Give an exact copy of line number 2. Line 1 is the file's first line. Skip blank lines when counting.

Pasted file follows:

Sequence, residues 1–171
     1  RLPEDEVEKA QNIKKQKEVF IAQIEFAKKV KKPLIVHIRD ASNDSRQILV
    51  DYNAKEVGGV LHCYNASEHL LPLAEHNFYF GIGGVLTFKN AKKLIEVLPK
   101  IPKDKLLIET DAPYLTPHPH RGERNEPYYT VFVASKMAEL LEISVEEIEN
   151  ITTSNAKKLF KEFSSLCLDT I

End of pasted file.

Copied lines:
     1  RLPEDEVEKA QNIKKQKEVF IAQIEFAKKV KKPLIVHIRD ASNDSRQILV